Fiber broadband ensures that you have both the bandwidth and the speed to cater to all of these online services. Businesses with fiber can relax in the knowledge that crucial Zoom calls won’t be interrupted by drop-outs due to others downloading files, and employees won’t have to wait around to perform important tasks. Fiber can even allow you to shift your PBX to a VoIP phone system, saving you money and providing the flexibility to take calls from anywhere.
5. Remote training
One of the many industries transformed by the coronavirus pandemic was business training. Previously, almost all training took place in person, either in the workplace or at a dedicated training facility. While e-Learning was a valid option for training, it was often underused and undervalued by employers, as it has undeniable drawbacks. With most e-Learning courses, learners would read or listen to information and then answer questions, with no real human element.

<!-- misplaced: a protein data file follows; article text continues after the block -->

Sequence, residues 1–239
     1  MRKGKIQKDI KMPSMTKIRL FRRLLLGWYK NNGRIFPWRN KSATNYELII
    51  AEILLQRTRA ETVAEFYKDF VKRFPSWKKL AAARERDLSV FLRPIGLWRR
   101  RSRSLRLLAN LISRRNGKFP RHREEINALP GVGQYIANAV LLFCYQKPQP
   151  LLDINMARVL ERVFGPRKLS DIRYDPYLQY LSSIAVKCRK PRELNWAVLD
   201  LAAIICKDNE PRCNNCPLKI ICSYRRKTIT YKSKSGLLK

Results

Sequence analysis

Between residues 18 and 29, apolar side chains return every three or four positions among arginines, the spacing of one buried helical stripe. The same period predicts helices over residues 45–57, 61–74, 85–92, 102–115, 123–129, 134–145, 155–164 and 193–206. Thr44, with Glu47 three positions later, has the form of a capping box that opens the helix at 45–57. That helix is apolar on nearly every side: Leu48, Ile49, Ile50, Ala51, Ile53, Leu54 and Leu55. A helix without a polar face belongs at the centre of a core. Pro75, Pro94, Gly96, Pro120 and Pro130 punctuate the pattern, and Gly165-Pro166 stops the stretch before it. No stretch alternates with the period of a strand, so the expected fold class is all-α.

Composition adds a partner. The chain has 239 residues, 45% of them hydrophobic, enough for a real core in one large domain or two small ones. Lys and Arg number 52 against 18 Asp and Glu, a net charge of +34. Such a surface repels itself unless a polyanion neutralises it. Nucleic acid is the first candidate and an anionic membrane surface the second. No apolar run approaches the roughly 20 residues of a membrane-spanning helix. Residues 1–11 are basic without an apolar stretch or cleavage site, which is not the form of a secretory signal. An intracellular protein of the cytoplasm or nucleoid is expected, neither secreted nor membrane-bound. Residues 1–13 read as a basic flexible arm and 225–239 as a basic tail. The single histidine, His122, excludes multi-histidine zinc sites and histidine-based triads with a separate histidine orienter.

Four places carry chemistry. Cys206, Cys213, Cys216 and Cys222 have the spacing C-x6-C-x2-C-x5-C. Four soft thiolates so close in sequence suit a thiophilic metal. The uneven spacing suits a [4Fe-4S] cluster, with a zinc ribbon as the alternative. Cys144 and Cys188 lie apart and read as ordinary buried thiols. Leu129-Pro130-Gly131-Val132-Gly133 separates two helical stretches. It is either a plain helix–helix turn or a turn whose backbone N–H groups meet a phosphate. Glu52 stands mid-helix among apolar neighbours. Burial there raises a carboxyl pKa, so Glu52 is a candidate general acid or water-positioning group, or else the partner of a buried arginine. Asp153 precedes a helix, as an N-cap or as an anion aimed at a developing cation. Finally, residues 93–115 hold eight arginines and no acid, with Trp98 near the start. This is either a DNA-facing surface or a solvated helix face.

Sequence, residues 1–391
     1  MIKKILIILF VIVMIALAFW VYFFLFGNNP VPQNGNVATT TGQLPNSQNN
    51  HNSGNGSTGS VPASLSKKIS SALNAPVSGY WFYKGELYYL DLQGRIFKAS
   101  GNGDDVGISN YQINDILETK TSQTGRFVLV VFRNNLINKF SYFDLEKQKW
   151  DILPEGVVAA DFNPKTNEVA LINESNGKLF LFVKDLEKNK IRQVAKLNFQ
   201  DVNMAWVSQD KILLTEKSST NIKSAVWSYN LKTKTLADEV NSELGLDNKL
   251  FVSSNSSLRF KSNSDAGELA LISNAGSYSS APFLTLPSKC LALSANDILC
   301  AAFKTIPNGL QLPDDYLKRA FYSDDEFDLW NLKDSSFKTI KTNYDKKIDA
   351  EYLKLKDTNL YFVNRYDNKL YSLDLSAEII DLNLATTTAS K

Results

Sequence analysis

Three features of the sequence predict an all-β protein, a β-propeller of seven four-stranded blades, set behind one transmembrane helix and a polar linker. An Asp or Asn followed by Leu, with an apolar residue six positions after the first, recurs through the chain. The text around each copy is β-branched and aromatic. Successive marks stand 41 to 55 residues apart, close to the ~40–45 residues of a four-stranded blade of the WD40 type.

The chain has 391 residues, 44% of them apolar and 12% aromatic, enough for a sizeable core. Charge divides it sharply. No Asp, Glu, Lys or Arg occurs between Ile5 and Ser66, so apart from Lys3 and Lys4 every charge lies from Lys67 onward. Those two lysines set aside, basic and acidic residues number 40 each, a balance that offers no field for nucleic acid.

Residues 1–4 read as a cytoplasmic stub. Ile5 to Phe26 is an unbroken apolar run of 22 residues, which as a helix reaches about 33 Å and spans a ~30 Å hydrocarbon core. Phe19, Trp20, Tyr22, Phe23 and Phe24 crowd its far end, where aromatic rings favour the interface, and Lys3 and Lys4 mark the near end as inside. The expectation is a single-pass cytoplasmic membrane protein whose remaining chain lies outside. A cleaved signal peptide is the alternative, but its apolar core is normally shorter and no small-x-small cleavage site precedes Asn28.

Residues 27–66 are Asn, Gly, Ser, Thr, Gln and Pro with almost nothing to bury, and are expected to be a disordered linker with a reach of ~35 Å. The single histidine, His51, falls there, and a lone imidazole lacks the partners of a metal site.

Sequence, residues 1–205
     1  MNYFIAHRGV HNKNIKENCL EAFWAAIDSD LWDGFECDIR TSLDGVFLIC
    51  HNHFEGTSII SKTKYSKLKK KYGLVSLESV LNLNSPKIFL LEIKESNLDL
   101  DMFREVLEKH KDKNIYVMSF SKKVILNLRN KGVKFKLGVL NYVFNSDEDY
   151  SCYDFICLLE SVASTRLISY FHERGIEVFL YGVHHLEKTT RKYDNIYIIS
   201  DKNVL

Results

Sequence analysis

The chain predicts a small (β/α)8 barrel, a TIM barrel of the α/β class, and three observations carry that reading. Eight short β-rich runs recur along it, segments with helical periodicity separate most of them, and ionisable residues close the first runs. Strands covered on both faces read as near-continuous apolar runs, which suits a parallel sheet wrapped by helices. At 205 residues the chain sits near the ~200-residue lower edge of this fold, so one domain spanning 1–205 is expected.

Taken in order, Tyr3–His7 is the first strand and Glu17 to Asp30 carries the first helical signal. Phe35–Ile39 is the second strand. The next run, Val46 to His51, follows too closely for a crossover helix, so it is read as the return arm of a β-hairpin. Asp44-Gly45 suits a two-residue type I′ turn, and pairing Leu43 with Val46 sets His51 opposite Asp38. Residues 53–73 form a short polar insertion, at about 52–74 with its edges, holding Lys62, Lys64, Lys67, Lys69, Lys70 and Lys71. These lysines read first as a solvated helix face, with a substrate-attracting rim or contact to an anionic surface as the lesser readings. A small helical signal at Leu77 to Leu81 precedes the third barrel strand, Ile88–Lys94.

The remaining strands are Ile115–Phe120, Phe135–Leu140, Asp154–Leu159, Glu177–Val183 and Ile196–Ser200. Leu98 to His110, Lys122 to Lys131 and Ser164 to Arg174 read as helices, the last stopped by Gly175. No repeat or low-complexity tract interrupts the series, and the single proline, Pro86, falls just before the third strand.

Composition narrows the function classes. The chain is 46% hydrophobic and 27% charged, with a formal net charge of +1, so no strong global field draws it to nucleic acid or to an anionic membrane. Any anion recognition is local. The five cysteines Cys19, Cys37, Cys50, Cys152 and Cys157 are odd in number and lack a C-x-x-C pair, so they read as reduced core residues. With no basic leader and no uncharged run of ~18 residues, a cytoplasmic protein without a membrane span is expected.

The pandemic forced most training providers to move their classroom courses online, and spawned the remote training course. Many providers now offer a classroom equivalent training experience online, with qualified tutors teaching candidates using Zoom or similar video conferencing apps. The significant reduction in overheads has made this kind of training more cost-effective, and a great way for employees to learn from the workplace.
The problem with doing this using a traditional ADSL connection is that you may not have the bandwidth for it. In order to train effectively, each individual will have their own computer with a separate camera and microphone. Transmitting this amount of data is almost impossible over a traditional ADSL line -- denying your employees an ideal chance to upskill or learn critical safety skills.
With businesses relying more and more heavily on internet services, and the size of many files increasing, there can be no doubt that the future is fiber optic. By investing in fiber broadband today, you’ll not only solve present issues with low bandwidth and slow speeds, but future proof yourself against the increasing demands of digital business.